August 26, 2015 The Cure’s The Head on the Door 3 Decades Later
So much has been said and hailed about the The Cure’s dark albums—Seventeen Seconds (1980), Faith (1981), Pornography (1982), Disintegration (1989), and Bloodflowers (2000). Any fan of The Cure would most likely maintain that sentiment, that these are the best works of the band. However, this holds water only if what was being highlighted is the gloomy and minimalistic side of this pioneering English band. Any loyal Cure fan know also that The Cure’s music is not always about doom and gloom and simplicity. Even Robert Smith, The Cure’s enduring founder and sole original member, would always emphasize that the music of his band is not all about that. He is always ready to dismiss his band’s being labeled as Gothic, plain, and plaintive; and he has a valid point because The Cure’s music has also an upbeat and sunny Pop side to it as well as Progressive structural tendencies. If there are the so-called melancholic and minimalist albums, then there are also those oozing with Pop sensibilities with touches of sonic complexities, where one can easily imagine Smith in his roundest eyed, reddest lipped, and silliest grinned disposition, but serious song-arranging moments in the studio. In fact, in such light-themed albums where one can find the band at their creative best. Time and effort have obviously been factors in their achieving a high quality of songs in terms of structures, arrangements, instrumentation, orchestration, and production. Although still not devoid of Smith’s tendency to be morose in certain parts, these albums—notably, 1985’s The Head on the Door, 1987’s Kiss Me Kiss Me Kiss Me, 1992’s Wish, and 1996’s Wild Mood Swings—contain the bulk of The Cure’s poppiest, quirkiest, and most upbeat songs.
Released on August 26th 1985, during the commercial peak of what is now regarded widely as New Wave music, The Head on the Door is actually where The Cure’s finest moments started. Despite its usually being bumped into the sideline due to many critics’ exaggeration of Smith’s miserabilism, the band’s sixth album is the pinnacle of their creativity, and ultimately to highlight this is timely, in commemoration of its thirtieth anniversary.
The Head on the Door opens with one of The Cure’s most familiar tunes—the classic dance-floor magnet “In Between Days”—bombastic with its distinctive drum-roll intro, frenetic 16th-note strumming on the 12-string acoustic guitar, simple yet ear-tingling synth melody and guitar riff, and, of course, Smith’s characteristic glottal tenor. The title of the next track, “Kyoto Song,” is enough of an indicator of what the listener could expect to hear; yes, that main riff of the song was the sound of the Japanese instrument called koto, emulated using a Yamaha DX7 synthesizer, which was a favorite instrument of many New Wave and Pop-oriented bands in the ’80s. After this Japanese sonic excursion, follows Spanish Folk, which was effectively expressed in “The Blood” with the sound of the typical Flamenco-style guitar strumming. The album’s indulgence in a palette of instruments may be heard best in “Six Different Ways,” which featured also, among various synthesizer sounds, the percussive knack of The Cure’s then new drummer, Boris Williams, whom many fans and critics regard as the best drummer The Cure ever had. “Push” is The Head on the Door’s slam on the door, so to speak. It is a flanged-guitar-heavy, half-instrumental and half-lyrical track that served as an anthem for many of The Cure’s concerts in their ’80s heyday. With “The Baby Screams,” on the other hand, the band succeeded in interpreting the title using Smith’s vocals and the screeching sound of the electric guitar. This is one of The Cure’s songs that highlighted Smith’s falsetto vocal styling. To this day, “Close to Me” remains to be one of the favorites of many fans—a song that could pass as a lullaby for having been sung in half whispers, fittingly uplifted by a cute keyboard-flute interplay and catchy French horn melody. The antepenultimate track “A Night like This” is the album’s real melancholic moment, a ballad that was made more romantic by the saxophone-led instrumental interlude. The next song, “Screw,” sounded very prophetic; the over-the-top distorted bass riff that gave it its identity would come to define many of The Cure’s future songs. Finally, “Sinking” is an apt album closer, a good reminder of The Cure’s darker beginnings—an eerie-sounding, cold, and almost funereal affair that served to wrap up somberly an otherwise colorful and upbeat album.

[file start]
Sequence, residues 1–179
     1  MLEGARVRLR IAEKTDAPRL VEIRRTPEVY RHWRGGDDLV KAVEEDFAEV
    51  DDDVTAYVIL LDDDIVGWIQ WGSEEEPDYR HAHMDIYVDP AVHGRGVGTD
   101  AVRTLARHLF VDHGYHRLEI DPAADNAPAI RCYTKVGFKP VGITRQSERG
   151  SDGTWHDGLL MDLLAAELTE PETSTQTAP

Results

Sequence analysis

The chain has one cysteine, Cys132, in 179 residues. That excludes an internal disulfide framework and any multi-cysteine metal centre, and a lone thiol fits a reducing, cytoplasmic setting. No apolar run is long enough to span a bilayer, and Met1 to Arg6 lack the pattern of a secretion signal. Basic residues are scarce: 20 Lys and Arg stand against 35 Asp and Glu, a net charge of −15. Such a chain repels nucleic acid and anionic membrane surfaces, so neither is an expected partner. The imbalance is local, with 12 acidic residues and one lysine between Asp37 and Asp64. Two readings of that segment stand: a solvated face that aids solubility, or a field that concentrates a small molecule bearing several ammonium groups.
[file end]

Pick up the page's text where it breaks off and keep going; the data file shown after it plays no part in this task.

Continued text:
To date, The Cure has released thirteen studio albums and a long string of compilation albums, non-album singles, and equally brilliant B-sides. The band that was started in 1976, in West Sussex, England, by three teenagers, had experienced various lineup changes over the years, but it soldiered on amidst countless sonic evolutions and musical revolutions. Currently, The Cure consists of Simon Gallup (bass), Roger O’Donnell (keyboards), Jason Cooper (drums), latest addition Reeves Gabrels (lead guitar), and, of course, the sole original founding member Robert Smith (vocals/guitars), who still dons his beloved trademark bird-nest hairdo and eyeliner-and-lipstick-smeared face. Nearly forty years on, The Cure has remained one of the most influential and prolific bands in the Alternative Rock scene. In fact, a new album is just around the corner. Nonetheless, among the band’s extensive discography, The Head on the Door remains to be the peak of The Cure’s musical and creative glory.